seniors

Why Seniors Housing REITs Might Be Stepping Away from Acquisitions

Depending on the outcome of the debate over tax reform, senior housing assets could become more attractive to some non-REIT players.

Private equity and institutional investors from the U.S. and around the world have been stepping up their pursuit of seniors housing assets, seizing an opportunity to capitalize on a pullback in acquisitions by seniors housing REITs.

What’s driving the slowdown in acquisitions by the REITs?

Mitchell Kiffe, senior managing director at CBRE Capital Markets, points to a broad decline in the REITs’ stock prices as tied to NAV, rather than any notion that private equity and institutional investors are simply crowding out the REITs.

Depending on the outcome of the debate over tax reform, senior housing assets could become more attractive to some non-REIT players, says Dr. David Friend, a physician who serves as managing director of the Center for Healthcare Excellence & Innovation at professional services firm BDO. At the same time, he says, the looming “medicalization” of seniors housing could intensify regulatory pressures and deter some investors.

Seniors housing consultant Andrew Carle says some non-REIT players might in fact be too hastily pouncing on seniors housing assets. In some cases, those investors are snatching up assets merely because baby boomers are aging, without giving proper consideration to market-specific dynamics, he says.

A number of the seniors housing acquisitions being made by non-REIT investors involve old, outdated facilities that face stiff competition from much newer properties, he says. “There’s a reason [these assets] are available,” Carle says. “It’s really a caveat emptor situation in some markets and with some properties.”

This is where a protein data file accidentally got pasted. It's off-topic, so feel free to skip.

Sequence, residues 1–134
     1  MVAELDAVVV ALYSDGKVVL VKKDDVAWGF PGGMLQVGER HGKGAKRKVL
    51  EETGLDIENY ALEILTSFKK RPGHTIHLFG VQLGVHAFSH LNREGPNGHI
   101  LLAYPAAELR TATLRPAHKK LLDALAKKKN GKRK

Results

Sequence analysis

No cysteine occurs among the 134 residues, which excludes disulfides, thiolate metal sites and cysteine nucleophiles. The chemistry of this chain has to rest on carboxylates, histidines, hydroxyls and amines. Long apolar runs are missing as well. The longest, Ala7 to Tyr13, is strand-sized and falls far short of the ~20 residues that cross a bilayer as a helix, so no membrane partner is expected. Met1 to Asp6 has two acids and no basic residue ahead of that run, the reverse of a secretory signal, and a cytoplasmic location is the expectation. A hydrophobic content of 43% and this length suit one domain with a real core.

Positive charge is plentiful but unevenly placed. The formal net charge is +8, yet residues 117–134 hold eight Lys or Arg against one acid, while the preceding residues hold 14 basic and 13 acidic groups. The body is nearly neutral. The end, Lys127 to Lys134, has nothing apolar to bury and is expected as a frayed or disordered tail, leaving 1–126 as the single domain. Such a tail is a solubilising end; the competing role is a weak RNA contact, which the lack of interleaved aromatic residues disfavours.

According to a recent report from CBRE, publicly traded companies—namely REITs—have historically executed the bulk of the deals in the seniors housing sector. But in the first half of 2017, the share of deals done by publicly-traded buyers dropped to about 10 percent, which is down considerably from 2015 and 2016, CBRE researchers note.

“Most of the publicly-traded REITs have moderated their aggressive pace of acquisitions,” CBRE report says.

Conversely, private equity accounted for 47 percent of seniors housing deals in the first half of 2017, according to the firm. With REITs largely out of the acquisition picture, at least for now, institutional and global investors have ramped up their quest for seniors housing properties in the U.S., the CBRE report says.

During the first half of this year, institutional buyers made up 35 percent of seniors housing deals in the U.S., compared with 28 percent in 2016, while the deal share for global capital stood at 11 percent, up from 2 percent in 2014.

Private equity investors are being drawn to seniors housing thanks to the sector’s “attractive yields and upside potential,” according to Lancaster Pollard, a firm that finances properties in the seniors housing sector.

In particular, Lancaster Pollard notes, private equity investors are snapping up skilled nursing facilities as REITs turn away from them, a strategy that CBRE’s Kiffe says is attractive thanks to the going-in yields — up to 13 percent or more. REITs have been shedding skilled nursing assets so they can steer clear of properties that rely heavily on Medicare and Medicaid reimbursements, according to Lancaster Pollard. “The growing demographics behind the senior living sector are hard to ignore. We expect that private markets will continue to pay attention.”